• Isoprene reduces visible damage (necrosis) of leaves caused by exposure to ozone but the mechanism is not known. Here we show that in Phragmites leaves isoprene emission was stimulated after a 3-h exposure to high ozone levels.
• The photosynthetic apparatus of leaves in which isoprene emission was inhibited by fosmidomycin became more susceptible to damage by ozone than in isoprene-emitting leaves. Three days after ozone fumigation, the necrotic leaf area was significantly higher in isoprene-inhibited leaves than in isoprene-emitting leaves.
• Isoprene-inhibited leaves also accumulated high amounts of nitric oxide (NO), as detected by epifluorescence light microscopy.
• Our results confirm that oxidative stresses activate biosynthesis and emission of chloroplastic isoprenoid, bringing further evidence in support of an antioxidant role for these compounds. It is suggested that, in nature, the simultaneous quenching of NO and reactive oxygen species by isoprene may be a very effective mechanism to control dangerous compounds formed under abiotic stress conditions, while simultaneously attenuating the induction of the hypersensitive response leading to cellular damage and death.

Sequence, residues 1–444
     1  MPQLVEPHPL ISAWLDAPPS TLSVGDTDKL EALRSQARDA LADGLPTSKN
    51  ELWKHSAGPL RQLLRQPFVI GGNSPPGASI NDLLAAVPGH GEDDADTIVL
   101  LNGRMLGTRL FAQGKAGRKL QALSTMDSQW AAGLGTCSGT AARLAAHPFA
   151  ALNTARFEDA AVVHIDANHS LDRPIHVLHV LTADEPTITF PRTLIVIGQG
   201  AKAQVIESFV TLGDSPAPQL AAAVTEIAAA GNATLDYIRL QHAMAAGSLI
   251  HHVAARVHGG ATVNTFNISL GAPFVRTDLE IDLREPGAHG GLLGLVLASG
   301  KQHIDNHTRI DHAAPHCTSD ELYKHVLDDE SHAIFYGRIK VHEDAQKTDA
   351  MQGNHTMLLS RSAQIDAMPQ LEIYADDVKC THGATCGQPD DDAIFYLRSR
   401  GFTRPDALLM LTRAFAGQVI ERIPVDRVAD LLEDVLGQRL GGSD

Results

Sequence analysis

Isoprene is one of the most abundant volatile organic compounds emitted by plants. Isoprene drains a considerable percentage of the carbon fixed through photosynthesis out of the pathway forming structural and storage sugars, especially in stressed leaves (Sharkey & Yeh, 2001). There has been considerable interest in investigating the possible eco-physiological role of isoprene emission. Two general types of hypotheses have been advanced: those hypothesizing a regulatory role for isoprene in plant biochemistry, dissipating excess reductant, energy or carbon (Logan et al., 2000); and those hypothesizing a protective role of isoprene against environmental stresses. Preliminary observations showed that isoprene emission can be stimulated after recovering from environmental stress (Sharkey & Loreto, 1993). More recently, numerous studies have shown that isoprene can make leaves more tolerant to heat (Sharkey & Singsaas, 1995; Singsaas et al., 1997; Sharkey et al., 2001) and ozone (Loreto et al., 2001), perhaps by a similar mechanism. Isoprene can stabilize membranes defending the lipid bilayer by denaturation consequent to heat (Sharkey, 1996) or oxidative pressure (Loreto & Velikova, 2001), or may scavenge reactive oxygen species (ROS) in the gaseous phase, therefore lowering their pressure over membranes under stress conditions (Loreto et al., 2001).